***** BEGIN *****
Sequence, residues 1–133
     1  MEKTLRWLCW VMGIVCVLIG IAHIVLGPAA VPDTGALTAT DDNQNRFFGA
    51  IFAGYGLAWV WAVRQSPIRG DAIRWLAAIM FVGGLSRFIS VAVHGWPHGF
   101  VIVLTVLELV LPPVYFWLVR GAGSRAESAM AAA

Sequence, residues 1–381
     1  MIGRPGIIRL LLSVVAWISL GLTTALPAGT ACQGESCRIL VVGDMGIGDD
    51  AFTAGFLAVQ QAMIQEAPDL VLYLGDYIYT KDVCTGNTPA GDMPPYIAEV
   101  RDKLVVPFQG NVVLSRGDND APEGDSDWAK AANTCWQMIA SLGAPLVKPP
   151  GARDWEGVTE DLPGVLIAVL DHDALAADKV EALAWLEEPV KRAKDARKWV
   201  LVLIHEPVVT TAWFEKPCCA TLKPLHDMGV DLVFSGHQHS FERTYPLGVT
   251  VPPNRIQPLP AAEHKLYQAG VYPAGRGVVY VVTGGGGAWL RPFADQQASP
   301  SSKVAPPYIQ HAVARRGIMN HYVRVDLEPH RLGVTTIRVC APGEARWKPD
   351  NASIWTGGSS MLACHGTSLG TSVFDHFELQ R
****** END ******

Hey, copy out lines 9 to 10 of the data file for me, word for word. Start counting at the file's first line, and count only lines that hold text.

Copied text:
   151  GARDWEGVTE DLPGVLIAVL DHDALAADKV EALAWLEEPV KRAKDARKWV
   201  LVLIHEPVVT TAWFEKPCCA TLKPLHDMGV DLVFSGHQHS FERTYPLGVT